As the new consoles quickly approach, individual big-budget games are receiving their customary multiplatform comparisons. A continuing trend among the few next-gen multiplatform game comparisons you may have noticed is that the Xbox One outputs natively in 720p, while the PS4 outputs in either 1080p or 900p. The reason for this may surprise you.
While it’s nice to know which game will perform and look better on next-gen consoles, consistent trends among the different comparisons reveal more than just which console runs each game best. They also reveal underlying traits of the consoles themselves.
Recently, an Internet ruckus was caused when the folks over at Digital Foundry did their usual in-depth comparison of Battlefield 4 for the PS4 and Xbox One. They found that the Xbox One version natively output at 720p and upscaled to 1080p, while the PS4 version natively output at the higher resolution of 900p and upscaled to 1080p. The result of this was that the Xbox One version was more aliased; Digital Foundry also found that, overall, the PS4 version of the game performed a little better.
Then, word broke that Call of Duty: Ghosts would also natively output at 720p on the Xbox One, while the PS4 would natively output at 1080p. Mark Rubin, Infinity Ward developer, noted that in order to get the game running at 60 fps on the Xbox One, it would have to output at the lower 720p.
This, of course, paints the Xbox One as an underpowered console, and while that may be the case (if only slightly), that doesn’t mean it’s so underpowered that it can’t handle a native output of 1080p running at 60 fps.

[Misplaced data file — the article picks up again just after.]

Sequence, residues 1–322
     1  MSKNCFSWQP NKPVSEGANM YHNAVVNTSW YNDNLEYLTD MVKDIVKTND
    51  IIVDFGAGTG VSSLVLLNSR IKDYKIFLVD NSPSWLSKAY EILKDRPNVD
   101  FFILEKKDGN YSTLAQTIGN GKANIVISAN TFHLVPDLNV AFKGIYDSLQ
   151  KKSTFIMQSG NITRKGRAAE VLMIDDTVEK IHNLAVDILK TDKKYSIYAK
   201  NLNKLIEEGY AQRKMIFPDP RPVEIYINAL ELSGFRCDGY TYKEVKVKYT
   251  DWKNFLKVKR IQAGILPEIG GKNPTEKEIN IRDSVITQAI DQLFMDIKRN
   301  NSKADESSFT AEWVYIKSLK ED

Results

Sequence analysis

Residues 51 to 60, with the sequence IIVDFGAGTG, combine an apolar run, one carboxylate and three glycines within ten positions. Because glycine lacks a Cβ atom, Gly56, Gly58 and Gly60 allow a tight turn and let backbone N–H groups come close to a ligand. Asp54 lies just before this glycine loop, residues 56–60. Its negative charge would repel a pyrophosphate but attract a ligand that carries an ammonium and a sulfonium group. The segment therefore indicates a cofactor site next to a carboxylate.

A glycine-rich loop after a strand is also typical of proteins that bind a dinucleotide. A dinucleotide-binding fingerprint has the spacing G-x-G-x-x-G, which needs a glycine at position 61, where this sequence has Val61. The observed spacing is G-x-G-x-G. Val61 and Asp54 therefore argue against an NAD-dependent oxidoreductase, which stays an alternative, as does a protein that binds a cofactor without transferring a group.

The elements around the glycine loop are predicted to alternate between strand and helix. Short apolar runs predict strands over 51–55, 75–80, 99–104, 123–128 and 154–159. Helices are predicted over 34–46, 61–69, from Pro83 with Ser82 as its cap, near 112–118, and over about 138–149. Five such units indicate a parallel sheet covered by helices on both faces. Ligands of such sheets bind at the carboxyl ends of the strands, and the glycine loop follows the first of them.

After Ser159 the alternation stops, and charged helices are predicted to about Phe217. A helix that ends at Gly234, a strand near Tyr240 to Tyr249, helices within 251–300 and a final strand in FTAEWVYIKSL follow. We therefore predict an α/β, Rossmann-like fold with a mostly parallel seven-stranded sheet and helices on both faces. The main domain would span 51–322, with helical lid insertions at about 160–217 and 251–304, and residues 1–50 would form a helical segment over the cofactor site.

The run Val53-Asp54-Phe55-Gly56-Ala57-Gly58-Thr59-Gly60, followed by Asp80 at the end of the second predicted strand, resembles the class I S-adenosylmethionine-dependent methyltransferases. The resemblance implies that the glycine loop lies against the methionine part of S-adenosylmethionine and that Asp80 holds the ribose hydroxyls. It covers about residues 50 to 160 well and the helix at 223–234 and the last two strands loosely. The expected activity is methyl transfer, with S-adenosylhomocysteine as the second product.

In response to the Internet ruckus, Digital Foundry dove back into the Xbox One and found that in actual fact, the console is powerful enough to reach that output and frames-per-second, but the Kinect is actually sapping the power the console needs in order to reach that desired output.
Around 10 per cent of the Xbox One’s GPU time is dedicated to functions on the operating system level, particularly Kinect tracking. This percentage of GPU resources is inaccessible to developers. So, it’s not that the Xbox One is significantly underpowered, it’s that developers cannot use the whole of the console’s resources because they’re reserved for functions other than games.
In modern times, we don’t really have dedicated devices anymore. We use our phones for just about everything – reading, gaming, music, TV and movies, and even (surprisingly!) making phone calls sometimes. Our PS3 and Xbox 360 are our primary Netflix machines, and even our PS Vita and Nintendo 3DS have non-gaming, media-focused apps. So, Microsoft isn’t exactly in the wrong for wanting to shore up its next-gen console’s non-gaming capabilities.
However, in the long run, when the Kinect is inevitably underused for gaming and the UI, and it’s relegated to primarily being a voice-activated power button, that reserved 10 per cent will come back and bite Microsoft in the butt. This will especially be the case when we get further into the PS4’s lifecycle, and the games begin to look much better than they did at launch. Microsoft could eventually relent on its Kinect initiative and manoeuvre those 10 per cent of resources back into the hands of game developers.
As we saw with the PS3 and Xbox 360 generation, though, even when a console is underpowered and a pain to develop for, developers eventually find their stride and the console catches up – as the PS3 did with the Xbox 360, both in terms of quality titles and overall sales. Until then, these comparisons where the PS4 performs better than the Xbox One should become the norm.
For more on the next-gen consoles, see our article about why you can expect problems from day one of the launch of the Xbox One and PS4, and also our piece about the PlayStation 4's easily replaceable hard drive, and how the Xbox One isn't playing ball with enthusiasts.